May l5, 2020
Adin Ballou, Part 2
Hopedale in April
Proposal for 1200 condo units in Draper property (1980s)
A few months ago, I was given several hundred photos which had been taken by the Draper photography department,
and rescued from the trash by Bob Anderson. Bob was among the last of the Draper workers to be let go. His job
involved getting around to about all of the departments in the company. In addition to putting the pictures on this site,
I've interviewed him several times. Here are Bob's memories of working at the Draper Corporation.
Twenty-five years ago - May 1995 - More than 170 countries agree to extend the Nuclear Nonproliferation Treaty
indefinitely and without conditions.
At Vaal Reefs gold mine in Orkney, a runaway locomotive falls into a lift shaft onto an ascending cage and causes it to
plunge 1,500 feet to the bottom of the 6,900-foot deep shaft, killing 104.
Fifty years ago - May 1970 - President Richard Nixon orders U.S. forces to cross into neutral Cambodia, threatening
to widen the Vietnam War, sparking protests across the United States and leading to the Kent State shootings.
Four students at Kent State University in Ohio, USA are killed and nine wounded by Ohio National Guardsmen, at a
protest against the incursion into Cambodia.
Hard Hat Riot: Unionized construction workers attack about 1,000 students and others protesting the Kent State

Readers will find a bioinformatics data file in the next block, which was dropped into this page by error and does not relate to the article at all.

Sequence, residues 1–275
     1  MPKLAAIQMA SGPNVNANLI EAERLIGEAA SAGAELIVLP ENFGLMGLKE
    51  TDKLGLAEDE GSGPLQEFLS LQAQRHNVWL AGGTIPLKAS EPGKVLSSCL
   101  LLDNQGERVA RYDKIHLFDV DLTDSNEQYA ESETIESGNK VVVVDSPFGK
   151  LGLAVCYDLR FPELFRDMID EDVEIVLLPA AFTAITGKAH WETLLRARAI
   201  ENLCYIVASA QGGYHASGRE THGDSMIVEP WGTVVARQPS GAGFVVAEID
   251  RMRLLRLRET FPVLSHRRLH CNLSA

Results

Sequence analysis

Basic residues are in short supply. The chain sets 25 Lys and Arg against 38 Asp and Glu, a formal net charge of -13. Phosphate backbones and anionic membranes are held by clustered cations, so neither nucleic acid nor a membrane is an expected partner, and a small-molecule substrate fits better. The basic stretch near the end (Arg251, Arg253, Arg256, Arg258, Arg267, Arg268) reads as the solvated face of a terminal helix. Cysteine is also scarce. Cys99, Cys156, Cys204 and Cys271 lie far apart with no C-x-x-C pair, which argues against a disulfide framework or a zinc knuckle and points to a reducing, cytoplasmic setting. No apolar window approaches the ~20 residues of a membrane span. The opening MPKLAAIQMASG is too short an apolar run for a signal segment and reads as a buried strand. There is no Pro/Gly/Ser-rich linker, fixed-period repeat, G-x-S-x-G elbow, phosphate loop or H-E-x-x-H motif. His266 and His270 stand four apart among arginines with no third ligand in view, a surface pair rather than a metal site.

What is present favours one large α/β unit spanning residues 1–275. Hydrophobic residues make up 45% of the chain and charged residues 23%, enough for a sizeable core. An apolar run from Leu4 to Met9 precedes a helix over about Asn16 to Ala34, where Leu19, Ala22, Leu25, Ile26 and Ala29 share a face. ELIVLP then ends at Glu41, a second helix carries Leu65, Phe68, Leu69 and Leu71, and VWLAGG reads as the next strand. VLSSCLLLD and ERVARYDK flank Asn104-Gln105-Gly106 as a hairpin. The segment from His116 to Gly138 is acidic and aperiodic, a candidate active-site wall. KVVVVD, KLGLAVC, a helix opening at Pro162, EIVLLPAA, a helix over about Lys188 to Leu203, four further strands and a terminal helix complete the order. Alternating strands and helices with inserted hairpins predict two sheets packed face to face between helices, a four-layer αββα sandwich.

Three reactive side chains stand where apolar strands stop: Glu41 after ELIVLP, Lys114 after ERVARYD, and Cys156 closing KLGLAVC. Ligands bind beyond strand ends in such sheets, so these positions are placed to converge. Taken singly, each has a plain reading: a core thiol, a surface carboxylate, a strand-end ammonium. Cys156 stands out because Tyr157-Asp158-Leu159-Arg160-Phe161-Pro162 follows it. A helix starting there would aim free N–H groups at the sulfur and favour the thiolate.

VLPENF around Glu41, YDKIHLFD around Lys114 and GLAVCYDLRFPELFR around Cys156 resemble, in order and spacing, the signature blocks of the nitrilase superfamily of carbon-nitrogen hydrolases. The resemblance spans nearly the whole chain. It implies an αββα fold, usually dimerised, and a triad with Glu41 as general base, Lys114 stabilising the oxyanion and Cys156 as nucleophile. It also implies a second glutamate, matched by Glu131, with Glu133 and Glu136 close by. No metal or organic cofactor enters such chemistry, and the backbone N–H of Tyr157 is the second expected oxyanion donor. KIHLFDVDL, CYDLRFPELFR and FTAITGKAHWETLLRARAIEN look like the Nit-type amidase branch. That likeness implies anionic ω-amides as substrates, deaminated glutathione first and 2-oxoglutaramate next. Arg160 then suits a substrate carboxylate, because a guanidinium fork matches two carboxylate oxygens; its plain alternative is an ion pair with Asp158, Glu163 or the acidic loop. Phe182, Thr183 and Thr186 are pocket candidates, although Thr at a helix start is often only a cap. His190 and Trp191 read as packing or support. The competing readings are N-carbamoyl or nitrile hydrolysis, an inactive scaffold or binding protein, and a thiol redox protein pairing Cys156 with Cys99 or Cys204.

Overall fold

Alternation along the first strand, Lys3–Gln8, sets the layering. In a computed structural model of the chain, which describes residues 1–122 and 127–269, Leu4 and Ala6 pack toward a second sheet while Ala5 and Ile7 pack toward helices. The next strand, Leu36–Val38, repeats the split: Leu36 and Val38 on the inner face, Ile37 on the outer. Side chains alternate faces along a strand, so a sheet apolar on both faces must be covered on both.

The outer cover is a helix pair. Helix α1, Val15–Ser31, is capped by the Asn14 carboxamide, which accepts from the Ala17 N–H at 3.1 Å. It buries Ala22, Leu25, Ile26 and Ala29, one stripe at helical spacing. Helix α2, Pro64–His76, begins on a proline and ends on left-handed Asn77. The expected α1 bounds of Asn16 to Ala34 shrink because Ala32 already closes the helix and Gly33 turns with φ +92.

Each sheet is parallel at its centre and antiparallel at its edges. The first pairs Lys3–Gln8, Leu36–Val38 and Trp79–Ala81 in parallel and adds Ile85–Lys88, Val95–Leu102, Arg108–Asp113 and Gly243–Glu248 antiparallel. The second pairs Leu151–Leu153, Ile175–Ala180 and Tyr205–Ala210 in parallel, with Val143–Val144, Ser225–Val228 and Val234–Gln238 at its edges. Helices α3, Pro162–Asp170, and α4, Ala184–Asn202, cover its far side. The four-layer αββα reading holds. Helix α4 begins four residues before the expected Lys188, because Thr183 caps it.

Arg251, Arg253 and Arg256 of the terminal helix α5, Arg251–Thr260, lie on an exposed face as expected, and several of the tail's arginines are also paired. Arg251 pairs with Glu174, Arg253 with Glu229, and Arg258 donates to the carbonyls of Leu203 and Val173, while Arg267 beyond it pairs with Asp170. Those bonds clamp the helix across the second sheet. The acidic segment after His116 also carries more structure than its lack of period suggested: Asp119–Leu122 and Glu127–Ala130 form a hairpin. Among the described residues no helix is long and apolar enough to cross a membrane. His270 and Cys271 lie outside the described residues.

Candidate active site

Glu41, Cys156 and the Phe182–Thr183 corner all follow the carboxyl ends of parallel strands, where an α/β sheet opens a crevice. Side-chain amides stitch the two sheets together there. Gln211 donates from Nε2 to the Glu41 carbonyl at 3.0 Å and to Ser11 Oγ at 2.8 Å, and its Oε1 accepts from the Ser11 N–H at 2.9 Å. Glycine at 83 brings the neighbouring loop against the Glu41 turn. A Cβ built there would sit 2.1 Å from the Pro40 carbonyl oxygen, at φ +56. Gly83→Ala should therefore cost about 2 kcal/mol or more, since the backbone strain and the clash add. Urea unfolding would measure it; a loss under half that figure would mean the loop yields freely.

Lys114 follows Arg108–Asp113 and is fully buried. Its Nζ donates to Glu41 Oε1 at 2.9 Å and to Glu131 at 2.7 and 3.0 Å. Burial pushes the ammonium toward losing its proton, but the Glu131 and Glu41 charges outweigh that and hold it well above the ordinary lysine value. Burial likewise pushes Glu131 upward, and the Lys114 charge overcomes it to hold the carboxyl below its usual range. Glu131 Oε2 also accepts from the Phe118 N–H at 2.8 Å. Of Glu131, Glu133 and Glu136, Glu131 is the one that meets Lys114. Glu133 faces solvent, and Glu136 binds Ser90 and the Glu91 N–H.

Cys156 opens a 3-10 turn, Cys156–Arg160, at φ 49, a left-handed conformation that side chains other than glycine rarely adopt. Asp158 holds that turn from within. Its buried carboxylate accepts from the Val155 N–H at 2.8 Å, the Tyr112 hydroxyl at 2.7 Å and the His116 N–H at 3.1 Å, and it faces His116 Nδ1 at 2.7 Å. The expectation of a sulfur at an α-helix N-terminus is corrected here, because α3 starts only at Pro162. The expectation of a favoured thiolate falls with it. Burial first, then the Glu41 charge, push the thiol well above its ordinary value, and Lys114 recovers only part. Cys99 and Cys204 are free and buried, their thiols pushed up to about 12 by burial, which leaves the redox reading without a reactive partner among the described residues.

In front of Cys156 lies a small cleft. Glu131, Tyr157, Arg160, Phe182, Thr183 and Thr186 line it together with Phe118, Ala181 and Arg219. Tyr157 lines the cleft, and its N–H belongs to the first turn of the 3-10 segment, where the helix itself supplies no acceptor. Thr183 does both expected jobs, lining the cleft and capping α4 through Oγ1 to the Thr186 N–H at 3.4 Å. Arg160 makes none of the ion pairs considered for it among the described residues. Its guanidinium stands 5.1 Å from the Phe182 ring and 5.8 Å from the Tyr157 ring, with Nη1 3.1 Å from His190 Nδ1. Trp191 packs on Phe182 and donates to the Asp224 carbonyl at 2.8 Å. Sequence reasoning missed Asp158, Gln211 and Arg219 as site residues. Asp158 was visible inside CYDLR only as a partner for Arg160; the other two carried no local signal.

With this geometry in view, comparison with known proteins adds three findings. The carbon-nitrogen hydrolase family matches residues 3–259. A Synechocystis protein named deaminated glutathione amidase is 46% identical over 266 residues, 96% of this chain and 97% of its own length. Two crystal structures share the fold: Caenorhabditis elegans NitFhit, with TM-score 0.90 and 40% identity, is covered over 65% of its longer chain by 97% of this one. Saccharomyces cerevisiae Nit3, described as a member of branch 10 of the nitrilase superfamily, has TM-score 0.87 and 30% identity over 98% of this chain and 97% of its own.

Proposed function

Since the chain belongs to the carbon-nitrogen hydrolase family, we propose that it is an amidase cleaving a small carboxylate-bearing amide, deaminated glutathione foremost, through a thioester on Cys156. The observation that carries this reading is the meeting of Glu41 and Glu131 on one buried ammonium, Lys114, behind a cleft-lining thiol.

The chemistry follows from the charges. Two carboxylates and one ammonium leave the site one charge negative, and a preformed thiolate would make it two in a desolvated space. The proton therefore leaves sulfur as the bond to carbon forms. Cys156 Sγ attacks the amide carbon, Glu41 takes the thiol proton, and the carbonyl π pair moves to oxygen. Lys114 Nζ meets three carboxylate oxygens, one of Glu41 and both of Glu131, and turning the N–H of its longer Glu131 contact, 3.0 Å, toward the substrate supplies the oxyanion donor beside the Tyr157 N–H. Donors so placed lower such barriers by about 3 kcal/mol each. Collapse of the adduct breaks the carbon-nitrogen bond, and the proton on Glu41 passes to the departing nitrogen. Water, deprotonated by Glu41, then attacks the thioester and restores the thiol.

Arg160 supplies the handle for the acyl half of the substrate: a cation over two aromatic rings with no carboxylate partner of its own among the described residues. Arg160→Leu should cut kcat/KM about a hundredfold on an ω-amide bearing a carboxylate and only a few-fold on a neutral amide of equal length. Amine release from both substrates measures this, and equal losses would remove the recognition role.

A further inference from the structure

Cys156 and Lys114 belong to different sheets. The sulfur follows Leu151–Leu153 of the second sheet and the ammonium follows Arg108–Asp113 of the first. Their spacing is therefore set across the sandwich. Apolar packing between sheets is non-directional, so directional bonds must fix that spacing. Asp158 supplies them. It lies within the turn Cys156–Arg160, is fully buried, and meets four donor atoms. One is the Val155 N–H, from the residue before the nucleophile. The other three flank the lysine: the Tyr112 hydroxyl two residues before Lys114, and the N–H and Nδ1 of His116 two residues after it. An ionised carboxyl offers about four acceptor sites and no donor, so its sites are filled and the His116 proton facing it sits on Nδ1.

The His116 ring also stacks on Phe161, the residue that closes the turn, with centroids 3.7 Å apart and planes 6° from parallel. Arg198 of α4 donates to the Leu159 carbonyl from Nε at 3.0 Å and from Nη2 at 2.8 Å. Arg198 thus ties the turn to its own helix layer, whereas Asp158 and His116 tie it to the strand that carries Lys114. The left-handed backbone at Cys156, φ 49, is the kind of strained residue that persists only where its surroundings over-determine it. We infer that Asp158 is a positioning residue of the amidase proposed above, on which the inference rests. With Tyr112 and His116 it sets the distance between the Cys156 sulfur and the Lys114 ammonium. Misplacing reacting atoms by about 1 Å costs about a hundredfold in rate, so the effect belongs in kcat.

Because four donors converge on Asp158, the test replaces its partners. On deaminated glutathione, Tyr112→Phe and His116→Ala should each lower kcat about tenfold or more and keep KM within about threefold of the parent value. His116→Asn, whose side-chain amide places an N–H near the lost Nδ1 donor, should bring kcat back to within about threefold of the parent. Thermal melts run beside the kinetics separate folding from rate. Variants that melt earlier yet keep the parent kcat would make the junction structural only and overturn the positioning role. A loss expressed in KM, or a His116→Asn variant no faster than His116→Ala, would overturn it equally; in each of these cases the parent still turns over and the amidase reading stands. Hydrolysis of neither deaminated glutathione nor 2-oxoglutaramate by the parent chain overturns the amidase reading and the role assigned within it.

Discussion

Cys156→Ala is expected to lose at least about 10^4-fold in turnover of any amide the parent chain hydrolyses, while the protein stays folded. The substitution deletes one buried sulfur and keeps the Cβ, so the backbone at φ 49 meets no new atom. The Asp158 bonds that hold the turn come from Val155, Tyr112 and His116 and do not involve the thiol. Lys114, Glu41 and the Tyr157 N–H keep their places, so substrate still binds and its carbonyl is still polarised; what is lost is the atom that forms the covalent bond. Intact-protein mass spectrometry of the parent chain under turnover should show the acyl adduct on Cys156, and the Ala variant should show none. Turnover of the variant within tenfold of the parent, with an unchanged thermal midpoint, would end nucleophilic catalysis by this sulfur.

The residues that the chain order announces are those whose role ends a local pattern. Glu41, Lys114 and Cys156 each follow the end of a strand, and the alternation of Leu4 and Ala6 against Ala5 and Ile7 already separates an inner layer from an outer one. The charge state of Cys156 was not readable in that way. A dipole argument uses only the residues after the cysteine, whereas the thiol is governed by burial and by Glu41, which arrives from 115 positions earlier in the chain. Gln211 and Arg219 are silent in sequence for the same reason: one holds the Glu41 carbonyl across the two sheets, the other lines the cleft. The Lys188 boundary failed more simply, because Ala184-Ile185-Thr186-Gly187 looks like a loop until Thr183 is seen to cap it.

shootings near the intersection of Wall Street and Broad Street and at New York City Hall.
The Beatles release their 12th and final album, Let It Be.
In Washington, D.C., 100,000 people demonstrate against the Vietnam War.
In the second day of violent demonstrations at Jackson State University in Jackson, Mississippi, state law
enforcement officers fire into the demonstrators, killing 2 and injuring 12.
Thor Heyerdahl sets sail from Morocco on the papyrus boat Ra II, to sail the Atlantic Ocean.
Gazette, and was copied from files at the Bancroft Library.
Adin Ballou – The Early Days
By Rev. John K. Hammon
Continuing from last month, here’s more of Rev. Hammon’s paper on Adin Ballou, given to the Hopedale Community
Historical Society. There's more to it than these two parts. Click here if you'd like to read the entire paper.
Ballou felt divine Providence was working on his behalf, however, when at the very hour he was being voted out of the
Milford Universalist Church, he was being voted into the First Congregational Parish of Mendon. No sooner had the
Milford people finished their unpleasant task than a committee attended Ballou with the invitation to accept the
Mendon pulpit – an invitation that was not allowed to gather dust! Not a Sunday passed without his preaching.
Adin Ballou’s really maturing years, so far as thought and action was concerned, began at this point. His religious
beliefs were intensifying, and his conception of the Fatherhood of God and the Brotherhood of Men beginning to
assume more and more prominence in the system of his theology. As a future retributionist he was compelled to
believe in the deep efficiency of pure Christian conduct in the here and now. To prepare oneself to avoid a distant but
still real consequence of immoral acts it seemed to him and to his friends of paramount importance to live
righteously in this sphere, --here on earth. This is what religion and particularly Christianity was meant to serve.
Meanwhile from the fury of the Restorationist dispute his interest began to turn elsewhere. There began to sweep
over the country a great enthusiasm for various reforms. The 30s and 40s and 50s of the 19th century were the grand